Will Rooftop Cabins Solve the Urban Housing Crisis?


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We tend to think of cabins as a part of camping, an all-time favorite for fun family vacations. Some 42.5 million Americans spent an average 12.6 days camping throughout 2011 — and while roughing it tent or cabin style can be fun for a while, would you really want to live in one full time?

By now, you’ve probably seen coverage of the “tiny house” phenomenon sweeping the globe, where people elect to live in incredibly small and well-designed spaces. Now, two architects from Berlin are looking to capitalize on that trend and put it where it may be needed most: in densely-populated and housing-starved urban areas.

The project is called Cabin Spacey, and it’s all about putting tiny houses on existing, undeveloped rooftops to create additional living spaces that are eco-friendly to boot. Though these homes are only 250 square feet, they come equipped with a kitchen, dining area, bathroom, and lofted sleeping area.

“We think people don’t need that much space,” said Simon Becker, one of the company’s founders and architects. “If you ask the young person — we think we’re part of the target group, us or even younger people — it’s just different what they need. They don’t say we need space for a car, space for a TV. They say we need an Internet connection, high-quality bed, high-quality shower. And they rather prefer ecological, high-quality spots over space.”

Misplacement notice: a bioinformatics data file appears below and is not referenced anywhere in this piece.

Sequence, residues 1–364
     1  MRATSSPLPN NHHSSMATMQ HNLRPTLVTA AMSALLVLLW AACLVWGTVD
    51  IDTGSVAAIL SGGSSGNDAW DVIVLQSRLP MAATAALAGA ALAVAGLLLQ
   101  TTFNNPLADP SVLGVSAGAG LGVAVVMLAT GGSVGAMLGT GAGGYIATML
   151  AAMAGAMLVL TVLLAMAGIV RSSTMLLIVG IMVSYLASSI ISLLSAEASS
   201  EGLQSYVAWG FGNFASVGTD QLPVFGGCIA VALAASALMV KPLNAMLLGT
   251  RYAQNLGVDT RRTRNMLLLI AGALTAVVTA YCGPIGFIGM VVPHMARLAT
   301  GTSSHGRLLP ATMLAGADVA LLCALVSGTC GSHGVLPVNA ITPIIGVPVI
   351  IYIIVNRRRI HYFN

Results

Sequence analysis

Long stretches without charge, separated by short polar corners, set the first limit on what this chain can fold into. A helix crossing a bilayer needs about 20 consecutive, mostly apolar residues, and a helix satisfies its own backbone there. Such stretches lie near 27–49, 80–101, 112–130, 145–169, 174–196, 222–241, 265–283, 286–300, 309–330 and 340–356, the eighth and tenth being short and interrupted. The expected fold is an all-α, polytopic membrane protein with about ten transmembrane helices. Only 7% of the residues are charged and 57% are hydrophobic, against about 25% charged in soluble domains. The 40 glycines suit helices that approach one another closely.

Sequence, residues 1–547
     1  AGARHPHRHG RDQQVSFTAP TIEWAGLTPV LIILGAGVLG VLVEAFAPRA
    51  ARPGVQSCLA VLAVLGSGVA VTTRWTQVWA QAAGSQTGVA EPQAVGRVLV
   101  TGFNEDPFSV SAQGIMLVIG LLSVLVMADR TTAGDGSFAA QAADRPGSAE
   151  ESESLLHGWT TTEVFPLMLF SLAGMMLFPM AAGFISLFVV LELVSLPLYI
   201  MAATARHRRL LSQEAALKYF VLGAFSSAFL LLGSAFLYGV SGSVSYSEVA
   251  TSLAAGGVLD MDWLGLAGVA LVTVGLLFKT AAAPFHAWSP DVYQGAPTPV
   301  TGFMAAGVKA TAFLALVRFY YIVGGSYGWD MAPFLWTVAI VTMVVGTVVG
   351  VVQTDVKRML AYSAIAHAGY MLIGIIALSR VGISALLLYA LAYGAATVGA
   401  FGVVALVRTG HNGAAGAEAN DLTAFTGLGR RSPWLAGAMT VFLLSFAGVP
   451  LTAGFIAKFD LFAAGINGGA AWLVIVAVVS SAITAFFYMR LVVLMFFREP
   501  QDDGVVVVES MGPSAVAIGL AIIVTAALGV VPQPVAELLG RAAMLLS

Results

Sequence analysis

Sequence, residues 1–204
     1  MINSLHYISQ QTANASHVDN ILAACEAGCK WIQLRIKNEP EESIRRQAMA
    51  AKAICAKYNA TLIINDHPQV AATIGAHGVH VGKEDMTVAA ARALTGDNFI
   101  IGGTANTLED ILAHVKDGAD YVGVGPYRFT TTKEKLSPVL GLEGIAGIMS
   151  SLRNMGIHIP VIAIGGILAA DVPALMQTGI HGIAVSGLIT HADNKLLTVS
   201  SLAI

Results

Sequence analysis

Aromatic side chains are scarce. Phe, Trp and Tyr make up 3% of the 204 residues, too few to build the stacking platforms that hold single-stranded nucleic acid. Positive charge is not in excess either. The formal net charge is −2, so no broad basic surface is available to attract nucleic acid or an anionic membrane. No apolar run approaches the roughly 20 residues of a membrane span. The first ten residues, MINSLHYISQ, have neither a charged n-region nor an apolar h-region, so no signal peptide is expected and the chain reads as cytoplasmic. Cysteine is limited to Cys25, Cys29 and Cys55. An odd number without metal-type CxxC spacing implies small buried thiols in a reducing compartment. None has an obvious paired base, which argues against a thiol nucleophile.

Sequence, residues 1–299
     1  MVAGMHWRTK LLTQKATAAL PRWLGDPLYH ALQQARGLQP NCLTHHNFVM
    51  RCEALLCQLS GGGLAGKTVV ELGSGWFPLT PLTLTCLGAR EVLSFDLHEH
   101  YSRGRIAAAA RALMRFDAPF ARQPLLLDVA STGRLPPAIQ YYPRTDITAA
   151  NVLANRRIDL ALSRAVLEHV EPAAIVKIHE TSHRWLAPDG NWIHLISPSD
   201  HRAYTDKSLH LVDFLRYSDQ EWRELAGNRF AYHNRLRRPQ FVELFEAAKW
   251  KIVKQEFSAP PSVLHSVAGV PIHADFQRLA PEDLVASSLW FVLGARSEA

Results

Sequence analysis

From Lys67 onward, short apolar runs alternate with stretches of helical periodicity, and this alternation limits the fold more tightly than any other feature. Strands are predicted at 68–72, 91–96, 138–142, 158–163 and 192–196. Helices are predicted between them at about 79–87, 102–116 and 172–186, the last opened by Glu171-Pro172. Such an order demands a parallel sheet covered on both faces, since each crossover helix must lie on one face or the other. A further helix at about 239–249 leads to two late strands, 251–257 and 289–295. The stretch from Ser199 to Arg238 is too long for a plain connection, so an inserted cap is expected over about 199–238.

Prime locations and accessibility are no doubt major attractions for young urbanites. These houses are capable of functioning off-the-grid, though if they’re on top of existing structures, it would make just as much sense to tap into the available amenities.

Cabin Spacey’s Indiegogo campaign says the houses should sell for less than 100,000 Euro each, though that doesn’t include the rooftop space itself. Will this simply become another way for slumlords to jack up their property prices, or is it an actual step towards creating more affordable(ish) housing for people in urban areas?

The only way to find out may be to give it a test run. Becker and his partner Andreas Rauch claim there are 55,000 rooftops in Berlin alone that could be used for tiny houses. Would you sign up for one?